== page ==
MANILA — The Philippines and the European Union have agreed to restart negotiations to establish a Free Trade Agreement (FTA), President Ferdinand Marcos Jr. said on Monday.
Marcos gave the statement after his meeting with European Commission President Ursula von der Leyen in Malacañang, where the two leaders also witnessed the signing of an agreement to begin cooperation on environmental projects.
“I welcome the conduct this year of scoping exercises between the European Commission and the Philippines towards negotiations for a Philippines-EU free trade agreement,” he said.
“The Philippine government experts will work with the European Commission in achieving a bilateral FTA,” he said.
The Philippines and the European Union started to discuss the creation of an FTA on December 22, 2015, but talks were stalled due to several deadlocks, especially on the issues of intellectual property rights and data exclusivity in key industries such as pharmaceuticals.
The EU has imported €10.78-billion worth of goods from the Philippines, while its exports to the country amounted to €7.6 billion, according to data from the European Commission’s website.
Bilateral trade between the Philippines and the European Union in 2022 was pegged at €18.38 billion, data showed.
While the amount is €3.16 billion higher than €15.22 billion in bilateral trade in 2021, it only accounts for 0.3 percent of the EU’s total global trade.
The lack of an FTA has left the Philippines as the EU’s sixth-largest trading partner in Southeast Asia, lagging behind topnotchers Singapore and Vietnam which have already forged FTAs with the Western trading bloc as early as 2014.
Von der Leyen, the first European Commission President who visited the Philippines, said that her trip to the country is designed to “accelerate a new era of cooperation” between the EU and the Philippines, as the regional bloc “believes in the international rules-based order” and “the need to promote and to defend it.”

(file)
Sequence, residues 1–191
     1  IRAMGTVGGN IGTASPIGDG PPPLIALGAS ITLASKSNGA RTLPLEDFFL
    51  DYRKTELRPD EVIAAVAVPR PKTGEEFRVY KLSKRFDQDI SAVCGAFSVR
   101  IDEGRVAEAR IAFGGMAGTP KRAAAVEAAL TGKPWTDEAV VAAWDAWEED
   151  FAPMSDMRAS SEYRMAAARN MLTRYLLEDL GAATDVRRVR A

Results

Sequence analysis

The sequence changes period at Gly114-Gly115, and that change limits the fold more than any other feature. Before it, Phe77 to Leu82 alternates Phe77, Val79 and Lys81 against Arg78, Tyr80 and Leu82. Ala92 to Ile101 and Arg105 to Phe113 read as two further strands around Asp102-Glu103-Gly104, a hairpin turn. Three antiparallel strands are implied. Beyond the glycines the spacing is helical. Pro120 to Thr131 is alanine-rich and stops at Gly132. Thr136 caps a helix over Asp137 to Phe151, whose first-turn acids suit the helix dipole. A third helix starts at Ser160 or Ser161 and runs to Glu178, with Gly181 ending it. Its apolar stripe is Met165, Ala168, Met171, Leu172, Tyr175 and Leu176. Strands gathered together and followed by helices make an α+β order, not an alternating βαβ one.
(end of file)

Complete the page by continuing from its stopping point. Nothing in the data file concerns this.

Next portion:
“I'm very glad that we have decided to relaunch negotiations for a free trade agreement,” she said, noting that this is part of the EU’s efforts to “strengthen our ties across the board.”
“Our teams will get to work right now on setting the right conditions so that we can get back to the negotiations,” she said.
“A Free Trade Agreement has huge potential for both of us in terms of growth and in terms of jobs,” she said.
The EU is keen “to diversify our supply lines and make them resilient,” Von der Leyen said.
“This is a lesson we have learned and that is what we call ‘derisking’ our trade relations,” she said.
“An FTA is the basis for that. But it's also much more. An FTA can be a springboard for a new technology cooperation to modernize the broader economy,” she added.
Marcos Jr. described his meeting with Von der Leyen as “successful and productive.”
“The continued exchanges between Her Excellency and myself, which started in Brussels last year, is testament to our joint desire to bring our bilateral relationship to greater heights,” the Philippine President said.
“Let this be a new beginning for the strengthening and the deepening of all our ties with the EU and the Philippines.”